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Diversity is the key to making investments work in the long term

The collapse of bank stocks in 2008 taught us not to put all our eggs in one basket

An analysis of Google searches found the phrase ‘get rich quick’ was unsurprisingly popular in Ireland while ‘long term investing’ barely registered. Photograph: iStock

An analysis of Google searches found the phrase ‘get rich quick’ was unsurprisingly popular in Ireland while ‘long term investing’ barely registered. Photograph: iStock

 

Financial services group Davy took two phrases and ran them through Google’s Trend Analysis function to see how frequently each was searched in Ireland, Australia and the US.

The phrases were ‘get rich quick’ and ‘long term investing’. No prizes for guessing which was searched more often.

Not only did we in Ireland show the most desire for instant wealth, what was perhaps more revealing was that long-term investing barely registered here.

Eoin Corcoran, Davy’s head of portfolio construction, attributes that to a mix of the fact that having wealth to invest in the first place is still relatively new and that we have only recently moved from an era of defined benefit pensions where people didn’t have to give investments any thought at all.

This desire to win the lottery is as human as wanting to lose weight overnight rather than through long-term commitment. But investment also takes long-term commitment and the discipline to stay the course, even when the course gets bumpy as markets do.

The key to doing that is to invest in a diverse portfolio. Globally, the simplest way for investment advisors to explain this to clients is by talking about not putting all their eggs in one basket. In Ireland, it takes only two words put clients off putting their eggs in one basket: bank shares.

The collapse of bank stocks in the financial crisis here after 2008 drove the message home hard. While diversification doesn’t eradicate risk entirely, it does help you manage it.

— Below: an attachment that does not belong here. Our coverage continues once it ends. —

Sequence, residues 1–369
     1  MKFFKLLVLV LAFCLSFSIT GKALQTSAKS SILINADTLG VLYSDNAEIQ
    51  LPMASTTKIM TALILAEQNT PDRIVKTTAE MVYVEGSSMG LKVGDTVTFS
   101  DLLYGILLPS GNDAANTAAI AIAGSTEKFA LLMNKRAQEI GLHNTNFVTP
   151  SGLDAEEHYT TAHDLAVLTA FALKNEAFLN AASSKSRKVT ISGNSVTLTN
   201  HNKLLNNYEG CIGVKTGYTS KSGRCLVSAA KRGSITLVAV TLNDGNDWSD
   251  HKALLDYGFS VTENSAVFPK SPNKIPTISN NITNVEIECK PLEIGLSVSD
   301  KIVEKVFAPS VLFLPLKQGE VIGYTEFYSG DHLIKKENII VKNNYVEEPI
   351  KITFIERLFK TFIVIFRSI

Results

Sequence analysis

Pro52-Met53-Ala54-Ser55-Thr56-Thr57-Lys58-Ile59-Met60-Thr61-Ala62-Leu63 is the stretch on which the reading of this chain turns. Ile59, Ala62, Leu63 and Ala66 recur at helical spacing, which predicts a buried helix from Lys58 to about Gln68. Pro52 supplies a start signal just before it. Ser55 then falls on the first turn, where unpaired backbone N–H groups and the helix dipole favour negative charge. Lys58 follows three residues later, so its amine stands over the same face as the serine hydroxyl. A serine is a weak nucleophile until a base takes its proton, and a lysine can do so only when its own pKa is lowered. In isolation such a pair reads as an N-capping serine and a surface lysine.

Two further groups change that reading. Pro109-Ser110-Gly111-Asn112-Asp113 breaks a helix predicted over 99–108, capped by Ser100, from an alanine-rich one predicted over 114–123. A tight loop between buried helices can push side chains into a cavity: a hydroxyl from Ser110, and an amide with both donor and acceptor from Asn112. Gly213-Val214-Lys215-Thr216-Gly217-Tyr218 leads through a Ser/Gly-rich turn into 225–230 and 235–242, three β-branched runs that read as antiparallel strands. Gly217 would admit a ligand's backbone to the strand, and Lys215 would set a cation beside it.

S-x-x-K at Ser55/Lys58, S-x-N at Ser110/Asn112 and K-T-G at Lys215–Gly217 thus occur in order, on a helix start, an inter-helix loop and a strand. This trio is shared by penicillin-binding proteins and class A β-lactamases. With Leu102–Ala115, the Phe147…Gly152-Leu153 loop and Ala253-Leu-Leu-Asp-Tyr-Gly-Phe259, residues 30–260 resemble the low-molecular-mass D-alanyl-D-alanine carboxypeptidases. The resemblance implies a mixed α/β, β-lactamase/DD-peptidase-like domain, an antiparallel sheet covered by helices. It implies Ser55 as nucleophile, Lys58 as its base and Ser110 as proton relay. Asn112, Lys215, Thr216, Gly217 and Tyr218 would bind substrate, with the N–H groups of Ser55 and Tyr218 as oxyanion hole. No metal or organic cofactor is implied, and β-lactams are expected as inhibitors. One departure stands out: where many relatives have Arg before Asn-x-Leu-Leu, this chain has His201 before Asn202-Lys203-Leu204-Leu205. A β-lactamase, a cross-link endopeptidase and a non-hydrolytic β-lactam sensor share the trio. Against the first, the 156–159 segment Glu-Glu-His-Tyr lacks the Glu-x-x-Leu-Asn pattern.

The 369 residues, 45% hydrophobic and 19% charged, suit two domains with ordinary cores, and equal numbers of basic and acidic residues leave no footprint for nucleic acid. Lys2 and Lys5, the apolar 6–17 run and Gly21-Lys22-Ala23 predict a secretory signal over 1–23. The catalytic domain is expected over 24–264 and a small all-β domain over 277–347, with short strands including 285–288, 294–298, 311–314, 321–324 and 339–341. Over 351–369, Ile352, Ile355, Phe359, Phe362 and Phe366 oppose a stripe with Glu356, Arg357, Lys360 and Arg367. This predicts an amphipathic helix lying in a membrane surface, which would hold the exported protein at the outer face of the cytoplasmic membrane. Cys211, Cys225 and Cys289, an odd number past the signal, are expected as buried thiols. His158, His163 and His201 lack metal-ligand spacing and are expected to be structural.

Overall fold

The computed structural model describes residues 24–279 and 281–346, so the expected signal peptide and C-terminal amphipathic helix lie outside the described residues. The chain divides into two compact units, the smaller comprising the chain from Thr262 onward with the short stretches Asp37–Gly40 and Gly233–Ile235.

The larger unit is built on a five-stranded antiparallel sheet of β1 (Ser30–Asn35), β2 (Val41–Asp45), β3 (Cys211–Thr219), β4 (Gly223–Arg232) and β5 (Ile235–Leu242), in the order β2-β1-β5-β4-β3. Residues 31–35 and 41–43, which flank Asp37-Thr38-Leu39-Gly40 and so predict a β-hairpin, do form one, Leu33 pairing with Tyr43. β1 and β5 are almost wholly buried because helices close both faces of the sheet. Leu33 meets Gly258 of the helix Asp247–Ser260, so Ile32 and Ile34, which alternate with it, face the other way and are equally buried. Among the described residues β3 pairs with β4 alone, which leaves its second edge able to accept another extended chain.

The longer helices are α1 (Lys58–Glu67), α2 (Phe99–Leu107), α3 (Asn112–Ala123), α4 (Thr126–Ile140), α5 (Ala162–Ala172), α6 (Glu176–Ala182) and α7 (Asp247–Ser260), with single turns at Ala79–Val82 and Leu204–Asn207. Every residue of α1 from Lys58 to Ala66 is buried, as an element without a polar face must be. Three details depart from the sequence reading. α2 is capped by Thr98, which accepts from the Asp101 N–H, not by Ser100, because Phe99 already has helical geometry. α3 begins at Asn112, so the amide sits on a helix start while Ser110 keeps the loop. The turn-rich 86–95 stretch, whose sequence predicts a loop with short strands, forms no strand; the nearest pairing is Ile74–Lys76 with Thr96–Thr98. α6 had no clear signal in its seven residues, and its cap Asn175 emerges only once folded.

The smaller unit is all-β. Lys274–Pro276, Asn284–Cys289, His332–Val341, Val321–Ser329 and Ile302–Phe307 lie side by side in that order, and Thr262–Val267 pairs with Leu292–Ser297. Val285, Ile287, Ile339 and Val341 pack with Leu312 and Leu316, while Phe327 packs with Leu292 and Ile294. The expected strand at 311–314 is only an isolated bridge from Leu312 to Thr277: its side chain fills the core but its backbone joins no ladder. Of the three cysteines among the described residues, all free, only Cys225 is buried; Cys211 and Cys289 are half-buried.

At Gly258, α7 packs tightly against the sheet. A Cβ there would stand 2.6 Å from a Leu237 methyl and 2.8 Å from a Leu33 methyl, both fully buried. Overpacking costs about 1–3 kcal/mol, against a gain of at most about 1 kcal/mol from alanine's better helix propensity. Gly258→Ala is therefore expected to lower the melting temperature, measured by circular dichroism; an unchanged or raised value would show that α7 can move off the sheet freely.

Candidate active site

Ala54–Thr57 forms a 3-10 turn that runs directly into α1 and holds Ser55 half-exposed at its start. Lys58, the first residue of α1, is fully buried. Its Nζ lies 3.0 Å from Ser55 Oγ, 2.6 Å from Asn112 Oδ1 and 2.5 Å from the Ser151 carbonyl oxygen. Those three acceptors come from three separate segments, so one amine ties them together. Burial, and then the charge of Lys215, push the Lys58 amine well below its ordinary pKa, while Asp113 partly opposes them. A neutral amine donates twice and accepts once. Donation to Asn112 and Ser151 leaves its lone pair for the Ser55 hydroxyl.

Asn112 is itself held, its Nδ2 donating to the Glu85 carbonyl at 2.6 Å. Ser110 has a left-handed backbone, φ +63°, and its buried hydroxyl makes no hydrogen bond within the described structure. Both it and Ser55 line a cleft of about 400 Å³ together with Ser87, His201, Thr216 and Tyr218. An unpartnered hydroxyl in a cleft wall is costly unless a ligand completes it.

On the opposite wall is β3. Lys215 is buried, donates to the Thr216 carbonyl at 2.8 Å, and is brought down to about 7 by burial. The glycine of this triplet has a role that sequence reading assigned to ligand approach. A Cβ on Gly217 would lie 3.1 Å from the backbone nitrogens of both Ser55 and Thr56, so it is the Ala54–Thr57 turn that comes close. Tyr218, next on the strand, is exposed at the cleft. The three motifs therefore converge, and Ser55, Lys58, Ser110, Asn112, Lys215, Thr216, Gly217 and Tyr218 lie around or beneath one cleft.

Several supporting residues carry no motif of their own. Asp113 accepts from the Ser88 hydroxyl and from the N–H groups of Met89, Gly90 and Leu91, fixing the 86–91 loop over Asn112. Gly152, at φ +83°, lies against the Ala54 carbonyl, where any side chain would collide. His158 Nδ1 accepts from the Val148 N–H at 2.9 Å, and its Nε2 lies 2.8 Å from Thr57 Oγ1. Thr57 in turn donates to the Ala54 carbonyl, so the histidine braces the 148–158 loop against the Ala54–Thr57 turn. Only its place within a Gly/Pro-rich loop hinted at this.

“In terms of risk, we think the simplest definition is that ‘more things can happen than will’ and this informs our approach to managing portfolios,” says Corcoran.

“You shouldn’t seek to minimise all risks as you will potentially sacrifice too much on the return equation. We think it is important to be diversified across time horizons and economic environments.”

That means helping clients put together a portfolio that will perform both when growth is strong and when it’s weak and whether inflation is rising or falling. “We then make allocation decisions to reflect our current view but it will never be all or nothing,” Corcoran says.

The most common question Kevin Quinn, chief investment strategist at Bank of Ireland, gets asked is: how do I solve this problem?

“Right now it’s: ‘Interest rates are at near zero, what do I do?’ There is an expectation of a silver bullet but the answer is there is no one single solution.”

That’s why a financial advisor starts by asking what it is you want to achieve, what kind of outcomes, within what kind of timeframe.

“From there we work through the trade-offs involved, such as how well could they cope with volatility? Have they an appetite for ups and downs? And what kind of loss could they tolerate or afford to absorb?” Quinn says.